According to Senior Consumer Affairs Editor at CARS, Kelsey Mays, two Ohio-built SUVs from Fiat Chrysler Automobiles rose to the top of Cars.com’s 2017 American-Made Index: the Jeep Wrangler (including the Wrangler Unlimited four-door) and Jeep Cherokee.
A major consideration these top models all had was the amount of domestic-parts content, among the highest concentration Cars.com tallied in this year’s AMI: 74 percent for the Wrangler, 75 percent for the Wrangler Unlimited and 70 percent for the Cherokee.
All engines and nearly all transmissions for the Wrangler and Cherokee hail from the U.S. The Wrangler is assembled in Toledo, Ohio; the Cherokee also was built in Toledo until April 2017, when production moved to Belvidere, Ill.
Ford produced three AMI cars: the Chicago-built Taurus sedan, F-150 pickup truck (Michigan and Missouri) and Expedition SUV (Kentucky). GM’s redesigned Acadia, now assembled in nearby Tennessee, earned the eighth spot. Honda generated four AMI models: the Alabama-built Ridgeline pickup truck, Odyssey minivan and Pilot SUV, and the Ohio-built RDX SUV from its Acura luxury division.
My cousin is a manager at a Ford plant in the state of Michigan. The Mother of my kid works as a Digital Solutions Manager, Dealer Groups for CDK Global. I am blogging about Cars.com as part of the associate program. Someone you know works in the car business.
In 2015, CAR estimated that the auto industry attributed 7.25 million private-sector jobs resulting in $500 billion in compensation averaging out to $70,000 per worker.
The numbers indicated 3.8 percent of all private-sector jobs where auto related and consistently makes up 3 percent to 3.5 percent of U.S. GDP.
Now those employed directly at manufacturing plants totals around 322,000 fellow citizens says the Michigan-based Center for Automotive Research. Add in about 521,000 employed by auto suppliers while new car dealers employ 710,000 making the business as a whole a significant American job supplier.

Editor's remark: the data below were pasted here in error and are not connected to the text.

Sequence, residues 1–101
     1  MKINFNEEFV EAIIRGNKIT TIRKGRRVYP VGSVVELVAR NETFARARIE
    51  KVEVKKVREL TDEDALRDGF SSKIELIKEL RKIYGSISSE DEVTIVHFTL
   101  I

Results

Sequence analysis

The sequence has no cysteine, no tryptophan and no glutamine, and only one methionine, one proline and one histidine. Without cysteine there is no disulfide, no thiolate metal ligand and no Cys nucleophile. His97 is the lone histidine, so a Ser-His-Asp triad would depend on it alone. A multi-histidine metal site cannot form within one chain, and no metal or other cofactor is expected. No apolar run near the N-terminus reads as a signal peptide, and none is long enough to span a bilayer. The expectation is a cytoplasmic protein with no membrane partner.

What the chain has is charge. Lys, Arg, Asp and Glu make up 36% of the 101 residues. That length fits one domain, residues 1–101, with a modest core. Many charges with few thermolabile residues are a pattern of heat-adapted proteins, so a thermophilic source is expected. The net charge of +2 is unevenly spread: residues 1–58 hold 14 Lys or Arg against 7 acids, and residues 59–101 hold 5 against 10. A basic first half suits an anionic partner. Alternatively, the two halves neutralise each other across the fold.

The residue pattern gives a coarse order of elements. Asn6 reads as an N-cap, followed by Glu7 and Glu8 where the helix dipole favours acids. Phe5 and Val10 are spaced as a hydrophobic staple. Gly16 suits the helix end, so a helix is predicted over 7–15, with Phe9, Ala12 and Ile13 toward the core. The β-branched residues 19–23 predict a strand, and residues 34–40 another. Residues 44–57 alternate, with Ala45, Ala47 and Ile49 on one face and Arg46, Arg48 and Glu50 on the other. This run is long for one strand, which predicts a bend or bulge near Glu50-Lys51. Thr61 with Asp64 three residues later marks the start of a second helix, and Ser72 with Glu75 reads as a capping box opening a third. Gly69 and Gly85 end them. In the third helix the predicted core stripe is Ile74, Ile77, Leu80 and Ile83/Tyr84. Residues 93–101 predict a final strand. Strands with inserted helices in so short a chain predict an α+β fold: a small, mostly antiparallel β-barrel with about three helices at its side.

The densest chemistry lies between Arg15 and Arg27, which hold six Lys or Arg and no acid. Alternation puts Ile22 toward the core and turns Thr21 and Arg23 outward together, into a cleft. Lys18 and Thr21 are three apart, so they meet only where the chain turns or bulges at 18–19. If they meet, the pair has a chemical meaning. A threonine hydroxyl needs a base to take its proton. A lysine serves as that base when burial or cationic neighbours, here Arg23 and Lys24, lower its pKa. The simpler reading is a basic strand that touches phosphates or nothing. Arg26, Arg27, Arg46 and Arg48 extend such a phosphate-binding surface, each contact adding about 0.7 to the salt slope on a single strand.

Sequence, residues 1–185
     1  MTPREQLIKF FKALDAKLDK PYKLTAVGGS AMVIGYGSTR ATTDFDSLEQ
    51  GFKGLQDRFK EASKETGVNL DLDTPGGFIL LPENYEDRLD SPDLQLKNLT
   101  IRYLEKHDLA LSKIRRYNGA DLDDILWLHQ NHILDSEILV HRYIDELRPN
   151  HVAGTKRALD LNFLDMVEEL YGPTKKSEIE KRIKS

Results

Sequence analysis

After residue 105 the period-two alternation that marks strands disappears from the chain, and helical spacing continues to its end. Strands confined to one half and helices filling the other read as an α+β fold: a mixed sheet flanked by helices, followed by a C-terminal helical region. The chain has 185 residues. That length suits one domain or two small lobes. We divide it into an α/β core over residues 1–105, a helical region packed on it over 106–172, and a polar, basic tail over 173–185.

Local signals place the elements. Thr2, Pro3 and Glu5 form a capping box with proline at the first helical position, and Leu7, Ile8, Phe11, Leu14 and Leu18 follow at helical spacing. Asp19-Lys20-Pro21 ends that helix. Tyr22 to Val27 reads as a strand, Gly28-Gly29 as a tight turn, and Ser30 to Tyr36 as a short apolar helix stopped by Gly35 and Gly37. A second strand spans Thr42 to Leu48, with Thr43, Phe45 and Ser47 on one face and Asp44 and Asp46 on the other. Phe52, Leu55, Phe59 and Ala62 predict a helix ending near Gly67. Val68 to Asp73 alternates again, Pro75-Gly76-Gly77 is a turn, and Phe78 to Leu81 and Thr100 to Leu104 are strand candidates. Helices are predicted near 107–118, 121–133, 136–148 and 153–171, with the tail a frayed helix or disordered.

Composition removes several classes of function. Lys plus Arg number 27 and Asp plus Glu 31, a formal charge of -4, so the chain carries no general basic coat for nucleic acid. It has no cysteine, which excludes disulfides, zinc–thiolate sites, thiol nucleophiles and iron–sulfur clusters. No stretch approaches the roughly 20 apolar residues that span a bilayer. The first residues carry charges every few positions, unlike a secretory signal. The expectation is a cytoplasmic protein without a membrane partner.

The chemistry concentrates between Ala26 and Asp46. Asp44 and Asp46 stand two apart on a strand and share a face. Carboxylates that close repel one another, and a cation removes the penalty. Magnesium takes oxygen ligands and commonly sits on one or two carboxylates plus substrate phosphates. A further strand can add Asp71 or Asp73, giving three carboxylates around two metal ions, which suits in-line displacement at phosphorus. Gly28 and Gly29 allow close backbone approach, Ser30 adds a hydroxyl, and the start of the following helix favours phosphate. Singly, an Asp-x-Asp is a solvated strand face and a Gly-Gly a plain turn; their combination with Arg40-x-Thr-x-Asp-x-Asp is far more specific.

The scale breaks down this way, for every 20 people working in the U.S. auto industry, four work directly at manufactures while seven make their livelihood at suppliers, resulting in around nine employed at at new-car dealerships.
You probably know someone that works for a used-car dealer, independent repair shop, finance banking or as insurance brokers. The bottom line is to remember to think big picture when purchasing an auto and factor in how buying a car employs a massive amount of Americans whether the manufacturer is headquartered in the states or not.
Sports Techie, assembling cars is a fast-evolving business. Electric and driver-less cars are fast becoming what consumers are interested in purchasing because it helps the environment and has values the combustible engine and fossil fuels do not. In addition, robotics and automation will be a major source of job elimination in the near future. When that flip happens for good, investors and manufacturers are ready to pounce on the shift. This means the AMI will have to once again need to change their metrics as they did so this year.
The Midwest is a fertile ground for auto manufacturers as well as votes along the political trail. I hope when the next Presidential election comes around, we are all wiser to the facts and less apt to be swayed by the king of ‘fake news’.
Buying American is a fundamental right, caring about the world is a God-given responsibility that truly requires a global vision because we are all on this earth together with animals. Keep that top of mind next time you buy, sell or trade a car, seek service and repair, or look for reviews that factor in the big picture, not just campaign rhetoric.
See ya later sports techie in Seattle, Atlanta and around the world!